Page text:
Thursday, 26 June 2008

SpongeBob from Outside

About two weeks ago I reached a level where I was fed up with many of my students who ignore me and even worse, make so much noise that sometimes I can’t even hear myself speak. Disruptive behaviour like that is bad enough for me, but what bothers me is that I can’t teach the students who want to listen.

I don’t see it as a problem when students don’t want to listen because that is their choice. At the end of the semester I have to give a mark that will count 20% of their total, apparently. I have no problem giving someone 0% because they failed every test and didn’t do any assignment. It is too bad the can’t fail a year in school.

Anyway, I notes of who the students were. They are normally the groups in the back of the class. I made sure I had all the right names and then typed out individual letters to explain to the parents what the situation is and that for the rest of the year these students will be sent out of class for any disturbance, not questions asked. You might think I am being harsh, but I think that if I have to ask you to be quiet ever week then you had fair warning, wouldn’t you agree?

Yesterday was the first week that the warned students were back in class and wouldn’t you know it, the first students crossed the line already. I started speaking, telling the students what we were going to do for the day. The one group in the back, who incidentally had two girls on warnings, ignored me. I stopped, waited a few second, started again to let them know I was speaking, and stopped. I walked up to the table pointed the two girls to the door and waited. After bewildered looks they got up and went out.

The girls didn’t have any idea why they were outside. When the Korean teacher showed up I met her outside and told her why they were outside. She explained it to them and I am sure they could see they were not going to get past this one because they didn’t even try to complain to me.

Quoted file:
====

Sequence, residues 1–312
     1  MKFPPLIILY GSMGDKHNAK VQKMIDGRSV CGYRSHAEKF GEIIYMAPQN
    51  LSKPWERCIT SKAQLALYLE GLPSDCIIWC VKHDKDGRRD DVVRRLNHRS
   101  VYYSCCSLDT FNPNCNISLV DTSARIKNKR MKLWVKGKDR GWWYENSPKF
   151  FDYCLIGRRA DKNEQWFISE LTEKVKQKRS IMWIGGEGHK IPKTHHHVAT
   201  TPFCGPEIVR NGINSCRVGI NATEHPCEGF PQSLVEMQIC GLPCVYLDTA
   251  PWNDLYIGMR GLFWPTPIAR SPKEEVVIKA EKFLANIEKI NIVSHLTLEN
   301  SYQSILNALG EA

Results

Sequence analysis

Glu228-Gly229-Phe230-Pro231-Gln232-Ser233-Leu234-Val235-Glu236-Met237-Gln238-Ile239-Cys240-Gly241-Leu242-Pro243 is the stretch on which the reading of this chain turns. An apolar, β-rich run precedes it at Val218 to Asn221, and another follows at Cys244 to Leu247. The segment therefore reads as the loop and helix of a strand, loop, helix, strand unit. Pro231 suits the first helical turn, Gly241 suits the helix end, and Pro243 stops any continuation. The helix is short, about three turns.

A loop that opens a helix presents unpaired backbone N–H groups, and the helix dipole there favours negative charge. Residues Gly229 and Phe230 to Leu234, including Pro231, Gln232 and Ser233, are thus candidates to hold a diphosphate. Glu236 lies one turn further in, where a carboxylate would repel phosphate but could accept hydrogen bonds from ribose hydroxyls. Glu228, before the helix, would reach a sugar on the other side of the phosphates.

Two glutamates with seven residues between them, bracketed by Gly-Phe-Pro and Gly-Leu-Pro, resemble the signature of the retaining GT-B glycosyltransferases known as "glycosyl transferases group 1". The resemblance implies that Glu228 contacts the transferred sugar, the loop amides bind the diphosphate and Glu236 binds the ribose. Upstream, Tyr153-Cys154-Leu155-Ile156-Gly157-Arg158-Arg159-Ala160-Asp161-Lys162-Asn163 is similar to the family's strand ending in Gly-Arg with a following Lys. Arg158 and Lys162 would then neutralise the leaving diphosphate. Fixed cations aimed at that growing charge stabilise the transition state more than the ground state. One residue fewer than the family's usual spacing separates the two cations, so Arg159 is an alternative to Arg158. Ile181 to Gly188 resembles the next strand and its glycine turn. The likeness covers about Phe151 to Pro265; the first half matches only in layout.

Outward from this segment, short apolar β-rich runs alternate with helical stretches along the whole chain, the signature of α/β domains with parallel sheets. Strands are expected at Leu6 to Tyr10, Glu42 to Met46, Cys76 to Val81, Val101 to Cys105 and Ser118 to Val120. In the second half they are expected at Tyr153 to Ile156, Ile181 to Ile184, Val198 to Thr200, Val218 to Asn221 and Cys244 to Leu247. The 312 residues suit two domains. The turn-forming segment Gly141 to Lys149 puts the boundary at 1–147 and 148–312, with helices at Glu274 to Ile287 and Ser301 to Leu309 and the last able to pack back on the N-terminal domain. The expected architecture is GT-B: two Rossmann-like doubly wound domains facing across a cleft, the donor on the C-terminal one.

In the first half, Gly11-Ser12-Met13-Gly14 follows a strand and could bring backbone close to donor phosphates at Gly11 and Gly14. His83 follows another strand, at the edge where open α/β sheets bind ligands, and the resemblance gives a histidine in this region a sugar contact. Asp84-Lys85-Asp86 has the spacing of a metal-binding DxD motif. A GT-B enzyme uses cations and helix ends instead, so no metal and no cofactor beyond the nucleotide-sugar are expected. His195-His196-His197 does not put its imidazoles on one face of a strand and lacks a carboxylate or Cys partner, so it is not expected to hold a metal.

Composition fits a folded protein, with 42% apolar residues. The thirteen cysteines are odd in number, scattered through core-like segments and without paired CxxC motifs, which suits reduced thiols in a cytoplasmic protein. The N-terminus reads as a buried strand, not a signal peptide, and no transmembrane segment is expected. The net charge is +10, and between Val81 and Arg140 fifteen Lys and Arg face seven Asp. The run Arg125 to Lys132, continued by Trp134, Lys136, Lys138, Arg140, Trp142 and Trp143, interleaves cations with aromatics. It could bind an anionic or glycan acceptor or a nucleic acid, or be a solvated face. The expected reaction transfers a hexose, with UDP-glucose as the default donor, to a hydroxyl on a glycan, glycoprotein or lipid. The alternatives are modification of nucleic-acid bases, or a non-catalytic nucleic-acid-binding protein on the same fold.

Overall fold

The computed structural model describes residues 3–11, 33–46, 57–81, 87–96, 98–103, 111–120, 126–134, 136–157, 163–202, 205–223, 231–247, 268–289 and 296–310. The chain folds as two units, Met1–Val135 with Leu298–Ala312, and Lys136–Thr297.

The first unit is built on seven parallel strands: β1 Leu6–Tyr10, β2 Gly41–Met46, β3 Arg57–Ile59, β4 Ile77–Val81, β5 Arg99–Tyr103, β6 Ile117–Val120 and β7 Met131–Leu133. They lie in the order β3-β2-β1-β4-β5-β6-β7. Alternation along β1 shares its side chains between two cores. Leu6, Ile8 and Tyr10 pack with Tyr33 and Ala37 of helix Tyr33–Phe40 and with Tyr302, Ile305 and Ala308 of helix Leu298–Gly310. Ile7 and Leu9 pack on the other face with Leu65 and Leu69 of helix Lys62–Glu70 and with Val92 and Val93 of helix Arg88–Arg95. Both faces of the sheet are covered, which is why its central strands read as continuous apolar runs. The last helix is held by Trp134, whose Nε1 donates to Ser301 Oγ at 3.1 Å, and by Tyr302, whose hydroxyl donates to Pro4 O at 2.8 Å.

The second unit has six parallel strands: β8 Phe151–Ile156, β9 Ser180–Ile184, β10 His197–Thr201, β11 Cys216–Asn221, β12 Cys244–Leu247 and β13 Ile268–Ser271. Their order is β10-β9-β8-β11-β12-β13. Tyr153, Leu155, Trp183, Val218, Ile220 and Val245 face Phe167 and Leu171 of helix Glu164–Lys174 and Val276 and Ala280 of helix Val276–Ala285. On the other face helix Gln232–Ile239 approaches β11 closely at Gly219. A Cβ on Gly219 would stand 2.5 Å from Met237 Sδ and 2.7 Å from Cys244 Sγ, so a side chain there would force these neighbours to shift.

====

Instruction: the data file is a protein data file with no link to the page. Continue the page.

The fun part about all this is that this week we are watching SpongeBob, which means the two girls had to stand outside and hear every one else enjoying the episodes. The really fun part was watching them try to see what was going on. The front door to my class, a glass door, lets you see the whole screen, but at a very tight angle. The back door, also glass, lets you see a smaller part of the screen, but at an easy angle. They were switching from door to do, trying to get a better view.

Koreans have this idea that saying “Sorry” is enough. I understand why the think that, but if you do the same things every time then it is not enough for me. I don’t care if you say sorry, just shut up and let the students who want to, study. After class they apologised, as if I expected it, and waited for me to say they can go. I really don’t care. They have to get my attention back with their actions now, not their words.

Just before you think that SpongeBob is a lazy thing to do, please consider this. The students have to write essays about the episodes. I will have to mark these. That is where the not being lazy comes in. I expect to get really terrible English, but I feel that someone needs to start challenging these children to think further than their noses and start putting sentences together that are not already written in the book. If this works and they I think I will have to make this a regular activity.

By the way. I have dictionaries I can use now. Now they have no excuse for not knowing a word.


Brian said...

Sorry, I deleted the post before you left your comment. Nothing personal.

Otto Silver said...

No worries. I was a bit confused about what was going on at first.

For others reading this, it has nothing to do anything on this blog, but since we don't have each others emails....